Community Theater Brings Back Radio Plays

Apr 14, 2020


Before there was television, radio theatre entertained families in their homes. Actors read their lines complete with sound effects - and imagination helped the productions come to life. Well, the Sioux Empire Community Theater is bringing that tradition back. It’s a way to share shows virtually during the global pandemic.  

 

The Sioux Empire Community Theater’s ‘virtual season’ has begun. The first radio play is called  “Death of a Jazz Man.” It’s a Monty Python-esque retelling of “Death of Salesman.”

 

Robin Byrne, is executive director of the theater. He says these plays were really popular in the 30s and 40s. 

 

“And even to this day. My background is I originally come from England and everyday, BBC Radio 4 in the afternoon puts a radio play on.” 

 

Byrne has been planning to do such productions in Sioux Falls for about a year. 

 

“Now that we’re on lockdown almost, it seemed like a really good time to make a move forward in that area.”

 

They hope to release a new play every week until the theatre can reopen for audiences. The theater, like so many other nonprofits and businesses, is struggling financially but does have some cushion. 

 

“We can continue as we are at the moment for several months because we had such a successful season last year and we were having a very good season last year and we were having a very good season this year where we were ahead of budget.” 

 

But Byrne says the financial realities will catch up with them the longer the pandemic continues. They’re applying for grants to help sustain the theater. And the radio plays are a part of that. 

 

“We decided we needed to get creative and look at ways in which we could keep our volunteers active, keep our actors engaged and generate some income.” 

 

They release the plays for free on a website called Patreon. People can offer voluntary donations directly to the theater. The plays also give actors a creative outlet. Auditions are open to everyone. Byrne says just send them a reading sample that’s under one minute. And, since it’s radio, there isn’t even a dress code. 

 

“We don’t need sets, we don’t need costumes. You can get away with all kinds of things. In fact, I’ve actually put a warning on the first one that this radio play contains excessive nudity.”   

 

Byrne is picking royalty free radio scripts online and recruiting local community members to share their scripts. That’s where Jeff Gould comes in. He’s a professional writer who started off with newsletters and emails.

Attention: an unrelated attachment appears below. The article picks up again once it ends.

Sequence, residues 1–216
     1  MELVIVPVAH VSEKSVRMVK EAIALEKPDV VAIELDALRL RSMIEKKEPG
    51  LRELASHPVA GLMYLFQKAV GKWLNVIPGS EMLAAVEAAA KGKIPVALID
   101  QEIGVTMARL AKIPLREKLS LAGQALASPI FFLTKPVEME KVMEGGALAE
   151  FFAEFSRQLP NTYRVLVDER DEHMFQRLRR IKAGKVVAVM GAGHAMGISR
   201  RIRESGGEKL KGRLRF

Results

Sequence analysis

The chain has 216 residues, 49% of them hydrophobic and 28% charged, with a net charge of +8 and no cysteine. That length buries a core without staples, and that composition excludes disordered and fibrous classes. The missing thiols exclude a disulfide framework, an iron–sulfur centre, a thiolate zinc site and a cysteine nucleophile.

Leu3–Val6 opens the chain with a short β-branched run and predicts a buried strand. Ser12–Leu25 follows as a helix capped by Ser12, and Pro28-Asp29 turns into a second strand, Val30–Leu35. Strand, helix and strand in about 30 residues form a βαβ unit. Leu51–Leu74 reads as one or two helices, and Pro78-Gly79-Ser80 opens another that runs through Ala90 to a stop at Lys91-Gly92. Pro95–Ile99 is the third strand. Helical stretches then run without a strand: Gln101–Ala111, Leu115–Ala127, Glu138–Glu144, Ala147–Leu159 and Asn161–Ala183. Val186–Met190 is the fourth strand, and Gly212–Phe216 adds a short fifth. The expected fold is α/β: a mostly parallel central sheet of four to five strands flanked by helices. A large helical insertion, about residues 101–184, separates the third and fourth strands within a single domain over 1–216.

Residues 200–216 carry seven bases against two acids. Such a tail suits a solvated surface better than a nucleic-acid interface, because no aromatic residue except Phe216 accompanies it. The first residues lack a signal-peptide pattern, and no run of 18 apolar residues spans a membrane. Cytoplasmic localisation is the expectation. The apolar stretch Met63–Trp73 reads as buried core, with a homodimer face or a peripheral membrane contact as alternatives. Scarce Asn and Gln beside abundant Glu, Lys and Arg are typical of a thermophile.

“And then that migrated into fiction books. I write crime novels. I’ve written three and I’m working on the fourth right now, 20 thousand words in. Ha! Nothing else to do.”

 

But radio theater is his hobby. He says it has benefits that traditional stage productions  lack. 

 

“And what I love about radio theater is you don’t have to memorize your lines. You can knock out a performance and get the thrill of performing with one tenth of the effort.”

 

As a crime fiction writer, Gould’s favorite genre is-obviously-noir.

 

“I love that sort of private eye type stuff because it’s fun to write.” 

 

Sound effects are an important part of radio theatre. They set the scene and help listeners picture the story. 

 

“When you go to the theater production of a radio play, you might hear the sound guy hitting a piece of sheet metal and ‘oh that sounds like thunder’. And everybody in the audience says ‘that guys just hit a piece of sheet metal’. But when it’s truly radio theater, you don’t think about the sound effect. You just think ‘it’s raining outside. I just heard thunder’.”  

 

Sound effects are an important part of the Sioux Empire Community Theater’s radio plays. One of Gould’s plays is called “The Colony.” It’s about a journalist who uncovers a big mystery. And no, I didn’t pick this one on purpose. 

 

Gould is about to read a section. Just imagine heavy, New York City traffic as fictional Jake Jacobson prepares to go to City Hall. 

 

“Flimsy, you bet it was. But I’ve landed bigger fish and smaller bait. So I grab my coat and a trench coat and beat it down to the cab stand.” 

 

The street sounds muffle and as the cab door closes behind him.

 

“Downtown. And drop the foot. I handed the cabbie a five, grabbed onto the seat with both hands. My mind spinning faster than the wheels in the cab. The colony. Me, like every other reporter with a pulse, had been trying to beat down the doors of that headline and all I got was bloody knuckles.” 

 

Several of Gould’s plays are scheduled for the community theater in coming weeks, and he is helping direct the volunteer voice actors. People can find a link to the community theatre’s current production on its Facebook page.